Edited by John Barton and John Muddiman
Oxford University Press. 1386p $65
This one-volume commentary contains expositions (with introductions and bibliographies) for every book in the Bible (Old Testament, Apocrypha, New Testament) as well as general articles on various parts of the Bible and other topics. It is similar in scope, size and format to the New Jerome Biblical Commentary, Harper’s Bible Commentary and the Collegeville Bible Commentary. The international and interconfessional team of commentators includes John J. Collins on Sirach, Joseph A. Fitzmyer, S.J., on Tobit, Dale C. Allison on Matthew, Jerome Murphy-O’Connor, O.P., on Colossians and Harold W. Attridge on Hebrews. The scholarly perspective can be described as moderately critical, and most of the authors have proved their ability to communicate with both biblical specialists and the general public. The volume is beautifully produced and full of information. This grand synthesis of contemporary biblical scholarship would make a splendid gift for someone beginning theological studies or pastoral ministry.
This comprehensive treatment of everyday life in Iron Age Israel (1200 to 586 B.C.) is a magnificent blend of biblical interpretation, archaeological research and social history. King is professor emeritus at Boston College and former president of the American Schools of Oriental Research, and Stager is professor of the archaeology of Israel and director of the Semitic Museum at Harvard University as well as director of Leon Levy Expedition to Ashkelon in Israel. After explaining the importance of everyday life in ancient Israel, they deal with the Israelite house and household (architecture, family and kinship, meals, illness and healing), the means of existence (farming and animal husbandry, water sources, arts and crafts, travel, transport and trade), the patrimonial kingdom (royal city, urban water systems, warfare, armies and weapons), culture and expressive life (dress and adornments, music, song and dance), literacy and schooling, and religious institutions (sacred sites, ritual objects, religious practices, death, burial and afterlife). The main text is written in a simple and accessible style; the 228 illustrations are aptly chosen and beautifully presented; and the bibliographical information is abundant. This is biblical archaeology at its very best.
Mendenhall, professor emeritus at the University of Michigan, has been especially influential among biblical scholars for his research on the ancient Near Eastern context of the covenant and on the formation of early Israel. This historical reading of the biblical tradition is both a textbook and an intellectual synthesis. Mendenhall treats the development of the biblical tradition in five stages: the prologue (from Abraham to Moses), the formative period (Moses and the exodus), the adaptive period (the 12-tribe federation, David and the monarchy), the traditional period (the monarchy, with particular attention to Solomon and Josiah) and the reform period (post-exilic Judaism, and Jesus and the early church). As a historian he deplores both fundamentalism and historical minimalism. As a biblical theologian he dislikes politicians (even David and Solomon) as well as priests and scribes. He regards the Sinai covenant with its Ten Commitments as the heart of biblical faith, and views Jesus and the early Christians as standing in close continuity with the ancient core of Israel’s faith.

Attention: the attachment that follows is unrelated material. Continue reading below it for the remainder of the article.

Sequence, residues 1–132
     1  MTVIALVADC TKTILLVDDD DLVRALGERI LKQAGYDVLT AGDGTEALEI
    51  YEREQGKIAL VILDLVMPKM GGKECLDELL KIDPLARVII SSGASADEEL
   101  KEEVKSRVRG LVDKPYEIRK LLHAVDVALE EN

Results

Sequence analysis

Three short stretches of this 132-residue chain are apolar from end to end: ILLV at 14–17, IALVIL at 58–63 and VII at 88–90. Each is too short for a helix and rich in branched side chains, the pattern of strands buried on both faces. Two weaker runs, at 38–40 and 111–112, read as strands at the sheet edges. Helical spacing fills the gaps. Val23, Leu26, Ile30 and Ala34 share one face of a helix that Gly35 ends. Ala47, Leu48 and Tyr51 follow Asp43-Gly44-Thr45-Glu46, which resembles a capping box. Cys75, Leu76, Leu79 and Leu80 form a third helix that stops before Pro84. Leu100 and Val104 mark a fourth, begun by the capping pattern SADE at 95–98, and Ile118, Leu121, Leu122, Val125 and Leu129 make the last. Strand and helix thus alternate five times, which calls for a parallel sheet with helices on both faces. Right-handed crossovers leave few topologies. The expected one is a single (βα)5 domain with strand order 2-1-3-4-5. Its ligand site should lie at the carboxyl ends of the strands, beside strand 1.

One of the methods that has become prominent in biblical studies in recent years is the effective history of biblical texts. Focusing on Genesis 2-3, Anderson, professor of Old Testament at Harvard Divinity School, gives an excellent illustration of the value of this approach by examining how Jewish and Christian interpreters have treated the biblical story of Adam and Eve. He shows himself conversant with a wide range of early Jewish and rabbinic texts as well as Eastern and Western patristic writings and John Milton’s Paradise Lost. He gives particular attention to the influence of Israel’s story as a whole (with a focus on Sinai) and of the Christian narrative of redemption brought about through Jesus’ death and resurrection in the history of the interpretation of Genesis 2-3. Far from being a scholarly catalogue, this book is an engaging presentation that is accessible to the general public.
The search for paradise is a major theme in the Bible, which in its Christian form begins with the Garden of Eden and ends with the New Jerusalem. This extraordinarily beautiful and informative volume takes the story of the quest for paradise back to ancient Sumeria and forward to the utopian visions of modern times. It examines how heaven and the afterlife have been understood in the ancient cultures of Egypt, Greece and Rome, as well as in the Jewish, Christian, Buddhist, Hindu and Muslim religions, and among the native peoples of Australia, America and Africa. The visions of paradise take different forms, but there are some constants. Ashton is a British biblical scholar, and Whyte is a former BBC journalist. While casting their net widely in time and place, they give particular attention to the biblical notions of paradise and life after death and their influence on Judaism, Christianity and Islam. The many full-color illustrations are well explained and complement the main text nicely.